Dan Mogulof, a UC-Berkeley spokesman, wrote in a statement Monday that the university’s deadlines for event planning are important because the University of California Police Department needs time to prepare security arrangements and bring in officers from other agencies.

“We continue to hope that the student organization will meet its obligations and provide the campus and UCPD with the information needed to complete security arrangements. The University cannot defend spending hundreds of thousands of dollars to provide security arrangements for events based on a schedule built on a long list of unconfirmed speakers and/or a news release issued by an external commercial enterprise.”

He said that if the student group fails to complete the steps to hold the remaining nine reservations, they could reschedule to comply with the rules.

In an email Monday, Yiannopoulos wrote: “Everything they say and do is designed to bully and intimidate their students into canceling the event. The event will proceed regardless. They don’t get to select our itinerary or talk programme.”

In a news release, he said they had wired the fee of nearly $66,000 to the university Monday morning.

He said last week it was important to hold the event there. “UC-Berkeley has been one of the primary architects of the left’s intolerance for free speech and free expression. … They created this problem, and they should pay for it.”

Jandhyala acknowledged problems with the list of speakers.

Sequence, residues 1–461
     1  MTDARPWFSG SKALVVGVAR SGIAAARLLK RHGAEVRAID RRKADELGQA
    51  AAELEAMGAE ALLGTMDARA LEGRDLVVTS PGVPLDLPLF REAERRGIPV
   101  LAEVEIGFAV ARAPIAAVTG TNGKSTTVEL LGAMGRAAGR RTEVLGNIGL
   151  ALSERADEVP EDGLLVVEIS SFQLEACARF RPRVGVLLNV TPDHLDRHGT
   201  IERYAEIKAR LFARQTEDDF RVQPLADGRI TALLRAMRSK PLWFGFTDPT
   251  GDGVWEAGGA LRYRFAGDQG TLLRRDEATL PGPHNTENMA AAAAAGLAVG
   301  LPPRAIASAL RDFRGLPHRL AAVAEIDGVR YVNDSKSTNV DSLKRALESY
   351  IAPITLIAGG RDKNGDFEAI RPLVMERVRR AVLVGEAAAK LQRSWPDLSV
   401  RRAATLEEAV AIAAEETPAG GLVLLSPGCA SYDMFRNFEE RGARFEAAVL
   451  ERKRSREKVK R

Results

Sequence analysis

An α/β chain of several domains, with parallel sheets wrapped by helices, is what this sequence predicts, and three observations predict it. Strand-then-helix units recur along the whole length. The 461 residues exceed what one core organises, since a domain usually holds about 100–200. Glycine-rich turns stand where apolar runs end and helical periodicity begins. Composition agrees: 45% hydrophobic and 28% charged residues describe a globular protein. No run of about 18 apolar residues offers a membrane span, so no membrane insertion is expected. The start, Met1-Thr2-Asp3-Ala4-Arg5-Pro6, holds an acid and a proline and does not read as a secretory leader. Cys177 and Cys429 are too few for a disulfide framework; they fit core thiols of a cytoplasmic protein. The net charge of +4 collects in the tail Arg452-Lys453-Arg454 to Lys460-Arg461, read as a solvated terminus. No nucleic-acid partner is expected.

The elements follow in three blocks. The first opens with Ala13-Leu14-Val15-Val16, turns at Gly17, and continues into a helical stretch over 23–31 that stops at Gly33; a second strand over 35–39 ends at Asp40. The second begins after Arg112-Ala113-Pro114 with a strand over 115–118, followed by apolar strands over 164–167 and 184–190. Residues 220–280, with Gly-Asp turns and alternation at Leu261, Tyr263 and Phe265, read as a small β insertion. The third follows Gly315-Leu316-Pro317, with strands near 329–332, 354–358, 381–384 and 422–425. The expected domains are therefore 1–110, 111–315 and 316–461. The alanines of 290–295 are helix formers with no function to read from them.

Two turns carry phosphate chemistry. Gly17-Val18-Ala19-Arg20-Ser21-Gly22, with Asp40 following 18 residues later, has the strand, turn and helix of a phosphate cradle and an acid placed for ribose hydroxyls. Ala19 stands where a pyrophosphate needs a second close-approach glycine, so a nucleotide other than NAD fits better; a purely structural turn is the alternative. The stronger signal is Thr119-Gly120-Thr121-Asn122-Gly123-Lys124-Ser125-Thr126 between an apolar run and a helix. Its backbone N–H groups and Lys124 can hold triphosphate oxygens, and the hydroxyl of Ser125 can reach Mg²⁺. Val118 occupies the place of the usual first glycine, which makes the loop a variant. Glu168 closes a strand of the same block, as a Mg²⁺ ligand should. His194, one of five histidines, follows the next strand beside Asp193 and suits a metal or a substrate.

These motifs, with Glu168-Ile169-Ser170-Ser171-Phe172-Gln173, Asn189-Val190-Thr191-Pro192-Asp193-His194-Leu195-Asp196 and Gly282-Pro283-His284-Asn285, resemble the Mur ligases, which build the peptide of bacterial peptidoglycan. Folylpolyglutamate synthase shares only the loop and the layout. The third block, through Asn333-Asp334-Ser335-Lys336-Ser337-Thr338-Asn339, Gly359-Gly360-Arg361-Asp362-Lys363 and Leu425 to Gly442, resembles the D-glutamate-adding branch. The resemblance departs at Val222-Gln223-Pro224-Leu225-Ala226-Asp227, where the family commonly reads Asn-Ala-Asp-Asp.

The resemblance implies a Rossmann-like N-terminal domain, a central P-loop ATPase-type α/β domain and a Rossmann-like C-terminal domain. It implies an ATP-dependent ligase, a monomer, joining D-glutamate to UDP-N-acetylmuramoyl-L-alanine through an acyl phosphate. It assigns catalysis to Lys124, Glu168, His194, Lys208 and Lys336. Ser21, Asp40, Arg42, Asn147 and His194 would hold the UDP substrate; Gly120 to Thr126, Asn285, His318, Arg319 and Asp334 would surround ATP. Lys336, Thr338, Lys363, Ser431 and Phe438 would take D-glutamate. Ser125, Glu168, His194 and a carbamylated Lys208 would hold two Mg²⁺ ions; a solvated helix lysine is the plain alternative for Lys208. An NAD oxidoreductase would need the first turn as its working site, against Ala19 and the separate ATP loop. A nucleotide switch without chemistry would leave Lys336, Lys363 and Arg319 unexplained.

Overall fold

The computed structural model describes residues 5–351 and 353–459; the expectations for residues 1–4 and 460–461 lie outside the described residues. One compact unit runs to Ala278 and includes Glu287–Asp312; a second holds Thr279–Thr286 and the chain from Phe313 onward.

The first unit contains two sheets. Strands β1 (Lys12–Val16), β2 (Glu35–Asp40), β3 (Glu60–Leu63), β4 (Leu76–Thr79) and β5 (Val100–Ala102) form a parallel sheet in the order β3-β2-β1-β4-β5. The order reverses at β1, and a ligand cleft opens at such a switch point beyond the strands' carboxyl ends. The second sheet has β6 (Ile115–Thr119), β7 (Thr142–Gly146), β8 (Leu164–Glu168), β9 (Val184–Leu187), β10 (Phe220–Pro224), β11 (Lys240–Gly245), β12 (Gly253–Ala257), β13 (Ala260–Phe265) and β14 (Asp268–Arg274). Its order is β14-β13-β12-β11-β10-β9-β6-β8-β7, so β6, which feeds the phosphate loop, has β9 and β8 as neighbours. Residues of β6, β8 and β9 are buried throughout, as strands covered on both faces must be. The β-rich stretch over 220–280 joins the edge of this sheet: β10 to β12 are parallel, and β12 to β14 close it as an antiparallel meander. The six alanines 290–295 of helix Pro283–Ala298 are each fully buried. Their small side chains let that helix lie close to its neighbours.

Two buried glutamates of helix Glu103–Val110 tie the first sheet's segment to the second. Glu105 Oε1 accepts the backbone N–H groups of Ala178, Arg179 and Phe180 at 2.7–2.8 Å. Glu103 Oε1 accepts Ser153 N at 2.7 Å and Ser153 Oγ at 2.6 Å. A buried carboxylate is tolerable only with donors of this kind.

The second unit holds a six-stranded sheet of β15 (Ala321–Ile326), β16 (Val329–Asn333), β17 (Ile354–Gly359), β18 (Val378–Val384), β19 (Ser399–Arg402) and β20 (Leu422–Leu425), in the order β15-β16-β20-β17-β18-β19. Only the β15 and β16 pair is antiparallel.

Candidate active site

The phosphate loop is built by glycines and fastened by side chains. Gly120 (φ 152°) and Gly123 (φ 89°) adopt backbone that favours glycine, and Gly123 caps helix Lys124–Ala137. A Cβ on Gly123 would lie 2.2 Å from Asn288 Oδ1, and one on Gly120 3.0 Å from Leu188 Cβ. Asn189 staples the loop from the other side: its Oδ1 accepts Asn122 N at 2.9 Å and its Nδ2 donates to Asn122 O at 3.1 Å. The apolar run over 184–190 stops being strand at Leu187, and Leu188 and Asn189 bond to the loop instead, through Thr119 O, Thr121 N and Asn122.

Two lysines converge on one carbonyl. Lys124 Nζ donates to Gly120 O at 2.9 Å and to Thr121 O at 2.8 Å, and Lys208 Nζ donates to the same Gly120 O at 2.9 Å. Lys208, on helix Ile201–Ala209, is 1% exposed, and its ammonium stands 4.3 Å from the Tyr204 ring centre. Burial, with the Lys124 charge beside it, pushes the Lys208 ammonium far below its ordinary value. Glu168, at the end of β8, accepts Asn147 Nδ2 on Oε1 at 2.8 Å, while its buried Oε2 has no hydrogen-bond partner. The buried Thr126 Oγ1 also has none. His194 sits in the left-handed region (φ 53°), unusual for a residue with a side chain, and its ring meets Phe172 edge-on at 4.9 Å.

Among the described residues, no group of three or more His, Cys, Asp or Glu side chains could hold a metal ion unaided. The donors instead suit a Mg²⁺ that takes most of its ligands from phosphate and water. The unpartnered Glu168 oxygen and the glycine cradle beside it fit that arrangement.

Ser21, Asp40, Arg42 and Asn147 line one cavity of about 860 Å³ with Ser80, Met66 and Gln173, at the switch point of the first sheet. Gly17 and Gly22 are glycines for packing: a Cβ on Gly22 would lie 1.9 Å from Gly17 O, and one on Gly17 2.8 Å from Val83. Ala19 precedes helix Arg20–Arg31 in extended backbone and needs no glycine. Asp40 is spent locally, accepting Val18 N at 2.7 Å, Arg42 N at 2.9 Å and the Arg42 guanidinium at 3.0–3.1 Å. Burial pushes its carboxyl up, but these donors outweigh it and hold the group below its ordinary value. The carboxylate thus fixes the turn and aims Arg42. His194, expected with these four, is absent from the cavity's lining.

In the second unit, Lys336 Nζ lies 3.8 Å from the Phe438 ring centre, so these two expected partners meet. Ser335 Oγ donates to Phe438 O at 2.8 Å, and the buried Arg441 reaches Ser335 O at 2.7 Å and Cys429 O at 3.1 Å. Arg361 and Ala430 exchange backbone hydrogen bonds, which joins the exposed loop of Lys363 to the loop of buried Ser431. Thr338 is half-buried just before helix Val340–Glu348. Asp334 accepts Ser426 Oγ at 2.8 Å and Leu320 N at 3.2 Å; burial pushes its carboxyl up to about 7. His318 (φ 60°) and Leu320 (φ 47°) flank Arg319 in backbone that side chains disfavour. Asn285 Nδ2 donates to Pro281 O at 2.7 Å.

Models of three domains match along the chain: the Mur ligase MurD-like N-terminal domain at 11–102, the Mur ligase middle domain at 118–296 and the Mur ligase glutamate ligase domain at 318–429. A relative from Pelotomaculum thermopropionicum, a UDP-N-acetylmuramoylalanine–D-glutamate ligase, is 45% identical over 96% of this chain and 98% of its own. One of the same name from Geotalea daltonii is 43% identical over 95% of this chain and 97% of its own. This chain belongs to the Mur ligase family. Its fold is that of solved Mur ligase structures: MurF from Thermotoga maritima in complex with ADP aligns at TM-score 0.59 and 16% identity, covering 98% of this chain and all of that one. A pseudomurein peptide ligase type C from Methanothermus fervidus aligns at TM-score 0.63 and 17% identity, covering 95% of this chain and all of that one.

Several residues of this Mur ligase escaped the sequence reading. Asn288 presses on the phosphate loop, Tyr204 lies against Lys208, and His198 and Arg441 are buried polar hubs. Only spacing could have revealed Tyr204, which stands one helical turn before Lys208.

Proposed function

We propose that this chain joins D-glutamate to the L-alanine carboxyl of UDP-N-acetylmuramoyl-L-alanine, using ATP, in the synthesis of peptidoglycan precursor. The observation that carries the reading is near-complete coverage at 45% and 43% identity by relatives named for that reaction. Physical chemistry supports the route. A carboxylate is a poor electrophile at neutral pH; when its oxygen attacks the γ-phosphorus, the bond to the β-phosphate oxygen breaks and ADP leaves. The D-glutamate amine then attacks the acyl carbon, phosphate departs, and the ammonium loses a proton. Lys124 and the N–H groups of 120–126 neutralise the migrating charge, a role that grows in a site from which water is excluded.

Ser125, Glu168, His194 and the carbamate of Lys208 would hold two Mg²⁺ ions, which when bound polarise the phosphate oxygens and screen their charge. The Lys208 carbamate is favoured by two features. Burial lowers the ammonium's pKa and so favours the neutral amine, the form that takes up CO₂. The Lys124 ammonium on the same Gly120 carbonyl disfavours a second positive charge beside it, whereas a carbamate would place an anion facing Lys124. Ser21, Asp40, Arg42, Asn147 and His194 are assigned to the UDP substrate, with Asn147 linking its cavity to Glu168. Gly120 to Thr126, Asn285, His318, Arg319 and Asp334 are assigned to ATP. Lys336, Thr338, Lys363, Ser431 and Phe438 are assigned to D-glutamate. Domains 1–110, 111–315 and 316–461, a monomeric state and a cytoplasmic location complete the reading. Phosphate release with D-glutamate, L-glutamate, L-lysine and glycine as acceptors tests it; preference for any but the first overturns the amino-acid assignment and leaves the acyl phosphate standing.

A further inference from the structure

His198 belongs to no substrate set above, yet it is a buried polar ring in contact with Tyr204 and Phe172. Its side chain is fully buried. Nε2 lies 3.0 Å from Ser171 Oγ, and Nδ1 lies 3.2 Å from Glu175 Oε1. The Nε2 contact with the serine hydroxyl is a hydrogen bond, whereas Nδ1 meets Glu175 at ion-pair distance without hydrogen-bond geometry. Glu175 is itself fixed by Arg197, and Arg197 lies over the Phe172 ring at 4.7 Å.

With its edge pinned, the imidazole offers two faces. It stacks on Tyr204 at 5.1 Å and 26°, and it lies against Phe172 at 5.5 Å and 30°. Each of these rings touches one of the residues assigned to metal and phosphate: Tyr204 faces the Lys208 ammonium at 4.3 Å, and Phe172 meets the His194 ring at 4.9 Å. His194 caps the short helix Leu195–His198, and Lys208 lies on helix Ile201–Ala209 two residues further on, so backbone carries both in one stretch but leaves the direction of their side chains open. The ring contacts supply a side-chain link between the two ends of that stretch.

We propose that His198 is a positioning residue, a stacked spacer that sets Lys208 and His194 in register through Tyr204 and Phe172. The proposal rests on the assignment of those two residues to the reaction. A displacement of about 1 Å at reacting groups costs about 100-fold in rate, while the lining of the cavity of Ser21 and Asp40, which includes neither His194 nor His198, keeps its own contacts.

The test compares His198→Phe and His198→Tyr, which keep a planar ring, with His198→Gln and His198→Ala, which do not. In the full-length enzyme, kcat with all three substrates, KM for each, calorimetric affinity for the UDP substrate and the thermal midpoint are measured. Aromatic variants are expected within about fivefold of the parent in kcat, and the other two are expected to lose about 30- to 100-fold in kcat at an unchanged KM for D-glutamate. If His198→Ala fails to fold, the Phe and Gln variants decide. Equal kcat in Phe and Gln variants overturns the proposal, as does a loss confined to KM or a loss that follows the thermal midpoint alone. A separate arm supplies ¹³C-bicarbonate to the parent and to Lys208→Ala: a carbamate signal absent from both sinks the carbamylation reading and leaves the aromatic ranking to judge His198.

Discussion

Charles Murray, the author and libertarian scholar, said in a statement, “I was never contacted by the organizers of this event. The inclusion of my name in the list of speakers was done without my knowledge or permission.

“I will add that I would never under any circumstances appear at an event that included Milo Yiannopoulos.”

A spokeswoman for the Manhattan Institute said that Heather Mac Donald, who is listed as a speaker, had not been invited.

But since school officials had spoken of problems securing the venues in recent days, Jandhyala said some speakers had dropped out.

He said university officials are strategically working to derail the event with bureaucratic obfuscation and deadlines to avoid canceling it outright because of the negative publicity that would bring. He said his group repeatedly tried to ensure that contracts included clauses such as a refund of fees if the university canceled the event, and an assurance that the small student group would not be liable for massive costs if there were an emergency.

Despite his concerns about safety if events have to be held outdoors, he said they will not give up on the event, or trying to get the most controversial speakers. That is the type of speech most in need of protection, he said.

“No one will riot if Shapiro comes,” he said. “They’ll riot if Bannon comes.”